In a sale-and-rent-back scheme, you sell your home at a discount. In return, you stay living there as a rent-paying tenant for a set length of time.

The Equity Release Council

The majority of equity release providers are members of the Equity Release Council (formerly known as Safe Home Income Plans or SHIP) and provide what’s called a no-negative-equity guarantee – alongside a range of other standards.

This means that under a lifetime mortgage your total debt is guaranteed to never be more than the value of your property and won’t be passed on to your family.

All Equity Release Council providers are bound by a strict code of practice, which states the following:

  • All customers can stay in their property until the end of the mortgage term (when the surviving borrower dies or moves into long-term care). It must be their main residence and they must abide by the contract’s terms and conditions.
  • The plan’s benefits, variations, limitations and obligations must be clearly explained.
  • Each borrower must have an independent solicitor who they see face-to-face. The solicitor will then sign a certificate confirming that the plan has been clearly explained to the customer and that it is understood.
  • The solicitor’s certificate must detail the effect of the loan on the property, for example, what happens after the sale of the property
  • For lifetime mortgages (specifically roll-up mortgages), interest rates must be fixed. If they are variable, there must be a “cap” (upper limit) which is fixed for the life of the loan.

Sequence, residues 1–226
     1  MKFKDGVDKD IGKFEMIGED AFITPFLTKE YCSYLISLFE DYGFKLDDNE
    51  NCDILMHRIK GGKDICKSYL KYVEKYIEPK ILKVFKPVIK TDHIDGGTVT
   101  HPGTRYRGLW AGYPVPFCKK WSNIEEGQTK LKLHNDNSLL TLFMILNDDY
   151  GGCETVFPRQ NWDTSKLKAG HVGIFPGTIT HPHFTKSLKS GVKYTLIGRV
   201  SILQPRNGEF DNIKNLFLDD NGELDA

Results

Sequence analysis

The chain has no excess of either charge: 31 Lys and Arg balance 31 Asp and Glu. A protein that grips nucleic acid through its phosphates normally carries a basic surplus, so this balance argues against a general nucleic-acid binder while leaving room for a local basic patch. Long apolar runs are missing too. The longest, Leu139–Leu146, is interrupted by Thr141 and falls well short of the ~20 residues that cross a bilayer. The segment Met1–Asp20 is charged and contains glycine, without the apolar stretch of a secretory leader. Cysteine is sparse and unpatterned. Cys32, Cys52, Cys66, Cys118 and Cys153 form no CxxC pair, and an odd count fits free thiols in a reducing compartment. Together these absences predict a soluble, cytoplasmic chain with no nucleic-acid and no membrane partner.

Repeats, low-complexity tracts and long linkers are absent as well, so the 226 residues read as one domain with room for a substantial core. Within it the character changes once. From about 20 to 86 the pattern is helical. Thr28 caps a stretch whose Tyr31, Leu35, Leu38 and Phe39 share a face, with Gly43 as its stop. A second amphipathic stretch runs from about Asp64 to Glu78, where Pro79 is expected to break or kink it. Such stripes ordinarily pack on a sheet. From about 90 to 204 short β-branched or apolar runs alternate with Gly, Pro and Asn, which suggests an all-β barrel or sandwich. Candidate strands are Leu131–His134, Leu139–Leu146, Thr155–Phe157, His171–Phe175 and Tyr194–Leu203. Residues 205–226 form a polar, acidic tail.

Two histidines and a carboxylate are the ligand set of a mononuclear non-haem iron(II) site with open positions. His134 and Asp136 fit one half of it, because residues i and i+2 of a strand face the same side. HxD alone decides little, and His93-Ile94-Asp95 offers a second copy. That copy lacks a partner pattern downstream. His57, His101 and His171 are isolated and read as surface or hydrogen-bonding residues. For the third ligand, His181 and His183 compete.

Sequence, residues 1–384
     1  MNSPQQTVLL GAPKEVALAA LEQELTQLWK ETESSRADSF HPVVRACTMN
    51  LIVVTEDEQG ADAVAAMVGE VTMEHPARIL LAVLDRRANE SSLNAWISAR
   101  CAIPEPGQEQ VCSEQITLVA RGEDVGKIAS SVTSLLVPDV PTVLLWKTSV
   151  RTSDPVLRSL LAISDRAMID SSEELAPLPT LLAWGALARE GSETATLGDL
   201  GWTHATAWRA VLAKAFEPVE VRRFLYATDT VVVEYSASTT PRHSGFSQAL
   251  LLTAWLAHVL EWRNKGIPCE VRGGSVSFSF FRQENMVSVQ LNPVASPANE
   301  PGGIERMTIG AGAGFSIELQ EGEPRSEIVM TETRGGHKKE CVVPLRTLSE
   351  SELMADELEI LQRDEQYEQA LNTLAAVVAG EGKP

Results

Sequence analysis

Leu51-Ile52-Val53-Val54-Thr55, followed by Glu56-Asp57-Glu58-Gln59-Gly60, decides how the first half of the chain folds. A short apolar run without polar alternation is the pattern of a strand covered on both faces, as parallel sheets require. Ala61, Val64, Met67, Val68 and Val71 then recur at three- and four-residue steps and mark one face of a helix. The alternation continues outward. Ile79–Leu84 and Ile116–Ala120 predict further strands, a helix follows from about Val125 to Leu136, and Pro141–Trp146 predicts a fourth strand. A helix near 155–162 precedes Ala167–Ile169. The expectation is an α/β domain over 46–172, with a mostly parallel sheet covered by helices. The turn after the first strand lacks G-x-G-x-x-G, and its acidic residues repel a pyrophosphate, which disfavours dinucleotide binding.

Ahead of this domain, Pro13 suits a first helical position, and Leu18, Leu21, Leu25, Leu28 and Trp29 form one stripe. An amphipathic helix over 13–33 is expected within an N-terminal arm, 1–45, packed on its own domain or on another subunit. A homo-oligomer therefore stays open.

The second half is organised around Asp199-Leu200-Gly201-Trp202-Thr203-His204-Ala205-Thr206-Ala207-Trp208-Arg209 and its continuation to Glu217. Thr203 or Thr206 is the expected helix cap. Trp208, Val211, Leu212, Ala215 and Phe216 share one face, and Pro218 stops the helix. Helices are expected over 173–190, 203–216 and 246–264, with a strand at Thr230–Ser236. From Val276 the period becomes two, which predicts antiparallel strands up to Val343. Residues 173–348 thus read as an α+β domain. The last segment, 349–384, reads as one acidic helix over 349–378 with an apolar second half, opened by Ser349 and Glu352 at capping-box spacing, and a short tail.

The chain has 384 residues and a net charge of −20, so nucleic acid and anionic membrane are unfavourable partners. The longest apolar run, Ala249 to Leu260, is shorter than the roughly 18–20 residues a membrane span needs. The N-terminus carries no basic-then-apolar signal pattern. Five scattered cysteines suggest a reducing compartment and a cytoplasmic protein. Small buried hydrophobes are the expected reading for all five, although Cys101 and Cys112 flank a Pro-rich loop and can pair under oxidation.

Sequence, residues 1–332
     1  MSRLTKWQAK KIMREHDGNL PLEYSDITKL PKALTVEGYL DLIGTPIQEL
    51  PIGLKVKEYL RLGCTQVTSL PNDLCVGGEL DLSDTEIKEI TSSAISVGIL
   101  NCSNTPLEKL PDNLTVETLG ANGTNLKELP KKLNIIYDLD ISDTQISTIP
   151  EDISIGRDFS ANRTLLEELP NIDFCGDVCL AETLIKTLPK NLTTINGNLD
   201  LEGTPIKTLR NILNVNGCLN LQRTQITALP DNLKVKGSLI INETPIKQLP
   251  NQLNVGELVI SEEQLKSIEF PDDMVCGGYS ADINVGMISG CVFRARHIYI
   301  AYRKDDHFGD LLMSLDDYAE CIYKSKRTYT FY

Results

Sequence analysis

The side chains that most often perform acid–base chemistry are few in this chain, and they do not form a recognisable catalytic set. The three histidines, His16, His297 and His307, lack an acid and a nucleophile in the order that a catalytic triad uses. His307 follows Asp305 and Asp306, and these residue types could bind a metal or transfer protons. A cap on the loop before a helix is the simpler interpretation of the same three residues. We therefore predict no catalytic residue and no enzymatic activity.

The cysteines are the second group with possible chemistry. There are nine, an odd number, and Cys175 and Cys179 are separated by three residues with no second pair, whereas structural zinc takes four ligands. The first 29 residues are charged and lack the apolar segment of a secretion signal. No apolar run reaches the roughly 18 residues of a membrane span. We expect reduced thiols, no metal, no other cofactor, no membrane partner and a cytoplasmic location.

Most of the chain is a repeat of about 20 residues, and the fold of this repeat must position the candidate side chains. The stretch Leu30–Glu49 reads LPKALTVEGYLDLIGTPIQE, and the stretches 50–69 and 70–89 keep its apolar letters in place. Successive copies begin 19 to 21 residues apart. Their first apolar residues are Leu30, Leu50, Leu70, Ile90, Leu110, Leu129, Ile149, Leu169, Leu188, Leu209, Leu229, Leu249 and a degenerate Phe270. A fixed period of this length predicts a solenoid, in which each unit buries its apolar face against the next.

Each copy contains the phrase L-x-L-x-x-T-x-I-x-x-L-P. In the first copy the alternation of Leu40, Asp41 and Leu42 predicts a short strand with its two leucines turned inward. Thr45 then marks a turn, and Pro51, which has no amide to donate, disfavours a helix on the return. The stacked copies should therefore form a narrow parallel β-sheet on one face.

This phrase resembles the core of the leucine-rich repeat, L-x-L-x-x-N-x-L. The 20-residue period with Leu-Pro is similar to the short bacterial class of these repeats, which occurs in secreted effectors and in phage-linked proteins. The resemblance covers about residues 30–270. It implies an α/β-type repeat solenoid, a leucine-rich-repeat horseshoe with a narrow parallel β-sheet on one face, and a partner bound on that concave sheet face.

• The product must have a “no negative equity guarantee”. This means that when your property is sold, and agent’s and solicitor’s fees have been paid, even if the amount left is not enough to repay the outstanding loan, neither the customer nor the estate will be liable to pay the difference.
  • You have the right to move your plan to another suitable property without incurring financial penalties. This is subject to the new property being acceptable to the product provider as continuing security for the equity release loan.

Key safeguards

The Financial Conduct Authority (FCA), the UK’s financial services regulator, regulates equity release schemes.

This means that firms advising on or selling these products have to meet certain standards and provide clear complaints and compensation procedures.

Could an equity release scheme be right for you?

When it comes to long-term-care planning, equity release schemes can be useful, but only if you’re looking to fund care in your own home and you do not qualify for local authority support.